Isn't it maybe time that we recognised that this is a bad thing that is driven by EU membership?

However, procurement rules state that where a subsidy is provided, the service must go out to tender. So rather than act as a bulwark against going to tender, it is actually the fact that it is a lifeline service that is effectively dictating that it must.

Effectively, of course, this means that if the private contractor was to be successful in its bid, it could benefit from public subsidy to generate a private profit at the expense of a public subsidy remaining within the public sector.

No wonder there is a broad consensus in Scotland to say that this is a bad thing. Isn't it maybe time, though, that we recognised that this is a bad thing that is driven by EU membership?

If there is going to be a debate in relation to the European referendum, should we utilise that as an opportunity to realistically also have a meaningful debate on Europe and the extent to which voting to stay in might also mean having to accept some things that we accept are unpalatable?

Maybe we should go further and question exactly the extent to which the unpalatable aspects of membership balance against the benefits.

For many people, this may be going against some long held but possibly shallow assumptions. But, if we do have an open, honest and robust debate, who's to say that actually the benefits of EU membership don't necessarily outweigh the pitfalls?

CalMac tendering is maybe small beer in a current context in which Europe faces major challenges. On Sunday the people of Greece go to the polls for a referendum on whether or not to accept or reject the bailout terms offered through discussions with the EU, ECB and the IMF.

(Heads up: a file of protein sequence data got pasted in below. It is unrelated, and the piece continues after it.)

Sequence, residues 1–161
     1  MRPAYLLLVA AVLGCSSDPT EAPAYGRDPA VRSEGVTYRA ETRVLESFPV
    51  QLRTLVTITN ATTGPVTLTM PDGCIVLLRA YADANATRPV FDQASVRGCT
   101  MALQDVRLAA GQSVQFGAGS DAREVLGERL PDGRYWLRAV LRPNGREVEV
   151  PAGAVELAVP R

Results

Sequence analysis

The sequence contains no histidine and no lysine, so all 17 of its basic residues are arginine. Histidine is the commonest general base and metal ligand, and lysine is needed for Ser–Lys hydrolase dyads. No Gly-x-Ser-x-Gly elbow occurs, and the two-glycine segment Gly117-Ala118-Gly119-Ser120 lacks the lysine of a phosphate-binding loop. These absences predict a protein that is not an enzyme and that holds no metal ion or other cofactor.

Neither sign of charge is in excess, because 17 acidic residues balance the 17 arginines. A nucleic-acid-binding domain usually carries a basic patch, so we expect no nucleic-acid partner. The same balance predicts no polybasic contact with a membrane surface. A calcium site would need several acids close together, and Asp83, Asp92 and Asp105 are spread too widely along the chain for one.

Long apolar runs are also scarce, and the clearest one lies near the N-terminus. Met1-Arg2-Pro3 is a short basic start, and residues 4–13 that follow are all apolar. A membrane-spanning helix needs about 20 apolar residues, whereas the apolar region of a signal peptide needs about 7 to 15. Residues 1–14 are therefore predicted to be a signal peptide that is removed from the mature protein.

As various commentators have pointed out, previous deals haven't bailed out the Greeks as much as their creditors, while Greece as a nation has endured a 25 per cent contraction in its economy amid crushing human misery.

Maybe we should go further and question exactly the extent to which the unpalatable aspects of membership balance against the benefits.

The IMF has openly admitted that the calculations and assumptions applied in relation to Greek austerity were wildly inaccurate. And yet, more of the same medicine is to be prescribed? To what end? A Yes vote effectively continues this in perpetuity.

Of major concern to me though, is that reports have suggested that one of the driving factors from the EU hasn't been the desire to seek genuine negotiated settlement, acceptable to both Greece and creditors, but rather the strategic goal has been to split Syriza, instigate regime change and thereby undermine other radical movements such as Podemos in Spain.

That is effectively an assault on democracy.

As a small European country, this scenario should set alarm bells ringing in Scotland. We've seen only this week how a powerful larger country within a union can effectively dismiss the democratic wishes of a smaller one, with the Tory government's dismissal of all of the SNP's amendments on the Scotland Bill.

We are also seeing the EU operating in a very similar manner. Taking all of that into account, maybe we should all be applying some reasoned critique to the EU before we put that X in the 'stay in' box.